# Why is there a photon every millimeter on earth coming from a star millions of light years away?

I've been having this confusing thought for so long now it would be amazing if someone could answer me.

Imagine this asterisk * . As you see, from the center point, lines go outwards, just like a sun will emit rays of light in all direction.

BUT, theoretically, there should be a "finite" amount of photons it sends in space, which means that the farther you are from that sun, let's say 1 million light years, the less likely are your eyes of catching the photons emitted from the source?

So does this make the theory of the photon bad? Since we can see a star millions of light years away, no matter where we stand on the ground of this planet. This means that the star can emit at least one photon every millimeter or less millions of light years away so this would mean that it would need an "impossible" density of photons sent at the source on the sun's surface in every direction of the cosmos.

How's this possible?

If you observe a star of radius $R$ from the distance $L$, you will see it as a small disk under the angle $2R/L$ so the solid angle the photons from the star will cover will scale like $(R/L)^2$. That's the percentage of the retina that will be receiving photons: the solid angle measures the "percentage of directions" in which the photons from the star are flying. The number of photons from the star that hit your eyebulb scales like $(R/L)^2$ as well (the dependence $1/L^2$ is what I care about here), because they're divided to all points on the sphere of area $4\pi L^2$, so by dividing these two expressions, you may easily see that the number of photons per unit area of the retina is actually independent of $L$. The star will look smaller as it gets further but the number of photons per unit time that hit a small area of the retina is $L$-independent.

If you're really worried that the star doesn't emit enough photons to satisfy your eyes, note that the Sun emits roughly $4\times 10^{44}$ photons each second. The Earth-Sun distance is roughly 150 million km which is 15 trillion times the radius of the eyebulb. Square it and you will still get that the number of eye-sized areas on the surface of the 1-AU-radius-large sphere is just of order $10^{26}$, still giving you $10^{18}$ photons to each eyebulb per second.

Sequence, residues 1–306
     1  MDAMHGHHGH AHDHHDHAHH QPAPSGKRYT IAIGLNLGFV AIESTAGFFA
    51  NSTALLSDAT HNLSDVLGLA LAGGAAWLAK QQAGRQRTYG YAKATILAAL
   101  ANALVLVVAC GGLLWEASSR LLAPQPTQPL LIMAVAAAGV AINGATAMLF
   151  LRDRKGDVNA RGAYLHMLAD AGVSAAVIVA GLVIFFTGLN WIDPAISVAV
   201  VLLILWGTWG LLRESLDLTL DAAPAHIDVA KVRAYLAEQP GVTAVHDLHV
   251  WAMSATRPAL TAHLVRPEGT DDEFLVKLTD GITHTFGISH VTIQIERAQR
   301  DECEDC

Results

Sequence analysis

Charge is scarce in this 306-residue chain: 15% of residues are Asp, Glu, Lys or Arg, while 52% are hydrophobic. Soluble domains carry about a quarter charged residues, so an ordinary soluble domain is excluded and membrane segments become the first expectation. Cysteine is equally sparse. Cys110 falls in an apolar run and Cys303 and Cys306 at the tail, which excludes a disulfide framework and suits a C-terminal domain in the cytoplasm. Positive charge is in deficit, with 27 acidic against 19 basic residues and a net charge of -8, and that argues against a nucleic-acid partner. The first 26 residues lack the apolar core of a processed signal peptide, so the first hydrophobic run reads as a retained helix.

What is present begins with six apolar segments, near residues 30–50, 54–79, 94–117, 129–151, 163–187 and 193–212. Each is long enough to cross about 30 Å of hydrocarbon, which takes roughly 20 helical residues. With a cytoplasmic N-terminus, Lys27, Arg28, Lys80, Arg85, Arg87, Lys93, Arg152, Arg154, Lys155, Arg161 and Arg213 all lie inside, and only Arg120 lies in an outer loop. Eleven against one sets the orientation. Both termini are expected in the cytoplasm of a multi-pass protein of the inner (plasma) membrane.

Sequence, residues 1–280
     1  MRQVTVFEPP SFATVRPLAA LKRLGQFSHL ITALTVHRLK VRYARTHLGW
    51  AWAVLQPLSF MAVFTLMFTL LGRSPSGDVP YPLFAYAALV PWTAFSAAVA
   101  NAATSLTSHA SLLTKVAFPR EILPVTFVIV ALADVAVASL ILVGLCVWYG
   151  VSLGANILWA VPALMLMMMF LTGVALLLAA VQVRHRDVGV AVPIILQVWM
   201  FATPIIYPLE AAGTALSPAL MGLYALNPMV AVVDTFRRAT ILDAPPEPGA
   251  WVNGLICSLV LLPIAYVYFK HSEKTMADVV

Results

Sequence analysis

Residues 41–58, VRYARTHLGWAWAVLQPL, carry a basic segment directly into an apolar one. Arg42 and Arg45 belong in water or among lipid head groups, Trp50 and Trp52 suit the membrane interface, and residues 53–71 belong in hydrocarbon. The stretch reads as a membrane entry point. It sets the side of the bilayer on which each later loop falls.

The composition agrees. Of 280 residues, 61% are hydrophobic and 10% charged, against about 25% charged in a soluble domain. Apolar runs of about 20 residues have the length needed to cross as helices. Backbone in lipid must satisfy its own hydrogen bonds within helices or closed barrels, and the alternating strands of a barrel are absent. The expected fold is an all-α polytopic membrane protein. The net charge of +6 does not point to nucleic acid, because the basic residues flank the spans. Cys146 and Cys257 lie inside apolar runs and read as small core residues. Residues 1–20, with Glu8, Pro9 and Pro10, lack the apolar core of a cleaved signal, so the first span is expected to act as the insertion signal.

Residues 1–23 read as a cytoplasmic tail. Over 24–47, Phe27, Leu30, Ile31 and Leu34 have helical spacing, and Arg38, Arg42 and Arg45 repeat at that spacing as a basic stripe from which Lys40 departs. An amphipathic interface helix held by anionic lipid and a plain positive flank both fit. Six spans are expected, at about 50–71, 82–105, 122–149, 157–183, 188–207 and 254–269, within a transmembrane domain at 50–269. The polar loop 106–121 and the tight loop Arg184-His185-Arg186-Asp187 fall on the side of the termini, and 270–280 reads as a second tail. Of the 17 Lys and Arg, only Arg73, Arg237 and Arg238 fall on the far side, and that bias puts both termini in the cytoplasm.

So if you allow 100 photons per eyebulb to be enough to see it, you may still allow the star to be $10^{8}$ times further than the Sun. The sun is 8 light minutes and if multiplied by 100 million, you get something like 200 light years. So with this minimal required number of photons per eyebulb (100 per second), you may see stars up to hundreds of light years away (I can't). Of course, telescopes are collecting starlight from a much larger area than the eyebulb (and they may also patiently collect the photons for a much longer time) so they may see stars much further than that.

• @DavidZaslavsky Lubos is right in the geometrical optics limit due to conservation of brightness. But for all stars (other than the Sun :) the spot size will be limited by other factors (atmospheric distortion, diffraction, aberration, ...) and will be roughly constant (giving a brightness that decreases with distance).
– mmc
Commented Sep 2, 2012 at 16:20
• @DavidZaslavsky Lubos is not saying "the number of photons hitting the eye is constant with distance", he is saying "the number of photons per unit area of [illuminated] retina is actually independent of L".
– mmc
Commented Sep 2, 2012 at 16:42
• Thanks, mmc. @David, I hope that mmc's extra words, which I subscribe to, and the extra terminology helps. BTW I think that not only your discomford is unjustified but even the sentence "pretending that photons are classical objects for a moment" is redundant. I don't have to assume and I didn't assume that photons "were classical": even with the right, fully quantum mechanical photons, I can discuss the statistics of the number of photons absorbed by a region of retina etc. and the results just happen to agree with those in classical physics! Commented Sep 3, 2012 at 5:55
• Dear David, the number of physical photons in the vacuum is an observable - i.e. a Hermitian operator - much like the position of the electron or its momentum or the total energy in a region. Like any other observable according to quantum mechanics, it is typically in a state that is a superposition of different eigenstates. But the eigenstates form a basis of the Hilbert space. When interactions are considered, "the number of photons" becomes RG-scale-dependent, divergent, and sick, but self-interactions are negligible for states composed of photons/elmg waves only. Commented Sep 4, 2012 at 6:46
• For all the purposes relevant for the propagation of photons from a star to the Earth, the electromagnetic field is free and solvable. In this approximation, the Hilbert space is a Fock space for bosons and the number of photons $N$ is a well-defined Hermitian operator on the space, much like the number of photons with $p$ in a certain range or solid angle of directions etc. The leading correction to this "free Maxwell field" approximation is the light-light scattering "box diagram" with an electron in the loop - but this correction is very, very tiny. Commented Sep 4, 2012 at 6:48